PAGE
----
Julie still stood there, watching me, with her mouth pulled to one side, like she was trying to decide something.
Finally, she decided.
"Clarence, how do you know what's right to do?"
"What do you mean, 'Right'?"
She chewed on that for a while.
I stirred the pancake batter.
She tried again.
"If you have a big decision to make, and you're pretty sure what's right, actually, but somehow you can't make it feel right? You know what I mean?"
"Let me get this straight," I said. You have a big decision to make, yes?"
"It doesn't have to be my decision, I just mean—you know—decisions in general."
"And you wouldn't care to tell me just what this decision is?"
She shook her head.
I plunged on.
"But you think you know what's the right thing to do, already?"
"Yeah, well, I mean, it's sort of obvious… I mean I know it's the only right thing to do and all, but it just doesn't—I can't make it feel right. You know?"
"I think so."
I opened the refrigerator to put the batter away. My eyes fell on some grapes I'd stocked for salads.
I looked at her.
"Close your eyes."
"Time for another lesson."
For a second I thought she was going to argue, but then she closed them, and stood there, waiting.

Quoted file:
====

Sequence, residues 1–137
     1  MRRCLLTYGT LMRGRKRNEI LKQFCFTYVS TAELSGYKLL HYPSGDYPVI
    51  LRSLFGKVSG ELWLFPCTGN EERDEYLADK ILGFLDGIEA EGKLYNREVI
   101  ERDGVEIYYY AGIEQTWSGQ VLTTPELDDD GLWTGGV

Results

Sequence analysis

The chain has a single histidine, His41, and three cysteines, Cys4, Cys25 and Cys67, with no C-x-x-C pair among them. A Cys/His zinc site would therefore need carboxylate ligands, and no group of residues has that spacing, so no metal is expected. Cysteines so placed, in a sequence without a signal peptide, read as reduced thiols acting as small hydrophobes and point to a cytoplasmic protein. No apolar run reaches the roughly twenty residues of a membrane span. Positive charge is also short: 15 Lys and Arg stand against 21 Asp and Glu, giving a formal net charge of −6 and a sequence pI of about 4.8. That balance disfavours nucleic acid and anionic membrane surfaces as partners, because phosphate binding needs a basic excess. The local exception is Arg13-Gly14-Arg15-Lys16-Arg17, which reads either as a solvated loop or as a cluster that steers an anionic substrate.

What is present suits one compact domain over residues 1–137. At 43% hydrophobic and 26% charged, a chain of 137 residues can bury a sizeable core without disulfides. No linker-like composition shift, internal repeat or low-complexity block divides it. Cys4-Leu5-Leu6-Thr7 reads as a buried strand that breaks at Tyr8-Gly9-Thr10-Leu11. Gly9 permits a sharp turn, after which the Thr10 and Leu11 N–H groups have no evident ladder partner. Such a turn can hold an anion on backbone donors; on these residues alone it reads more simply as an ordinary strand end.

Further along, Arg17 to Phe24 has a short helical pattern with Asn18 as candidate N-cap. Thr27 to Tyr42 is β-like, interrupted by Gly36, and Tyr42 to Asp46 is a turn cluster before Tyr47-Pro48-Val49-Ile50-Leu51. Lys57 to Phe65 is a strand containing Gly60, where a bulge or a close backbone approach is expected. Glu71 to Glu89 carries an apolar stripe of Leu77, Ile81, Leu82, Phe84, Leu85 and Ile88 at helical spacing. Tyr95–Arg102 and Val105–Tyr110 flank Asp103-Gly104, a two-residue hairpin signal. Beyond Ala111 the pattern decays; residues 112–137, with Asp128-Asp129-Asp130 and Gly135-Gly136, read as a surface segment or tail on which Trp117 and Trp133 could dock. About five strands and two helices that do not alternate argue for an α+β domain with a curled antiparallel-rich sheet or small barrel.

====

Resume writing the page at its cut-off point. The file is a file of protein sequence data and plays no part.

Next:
I pulled a grape off it's stem and touched it to her lips.
She chewed, thoughtfully.
"A grape. So?"
"Close your eyes. Is it good?"
"Okay. Now keep those eyes closed."
I took out another grape, and reached over by the grill for the salt shaker. The grape was damp, so the salt stuck real good. I really poured it on.
I put it to her lips.
"Now try this."
She spit it out in her hand.
"Ech! That was awful."
I raised my eyebrows in amazement.
"How do you know?"
She stopped wiping her mouth and gawked at me.
"What do you mean?"
"How did you figure out which taste was good and which was bad?"
"I… I just… That's just how it tasted."
"But how did you know that?"
"What are you talking about? It either tastes good or it doesn't, that's all."
"And you can just tell that, without any special tricks or techniques or…?"
"Duh. I mean—sorry—what are you talking about?"
"What if you were supposed to love salted grapes?"
"Yeah. Say I'd been planning this moment since you were born, looking forward to how much you'd love salted grapes?"
"What if I was?"
"Well, I suppose I could give them a second chance."
I salted another one and handed it to her. She did her best to hide her distaste.
"Well?" I asked.
"It's not as bad as the first time. I might learn to like them. Maybe."
"Good. Very open-minded. I'll fix you a big plate of them for breakfast."
Her eyes got wider.
"No. I mean, that's okay. Actually, I—I don't think I like them that much. Actually."
"I think you're a very wise girl. Now get to your work, so I can do mine."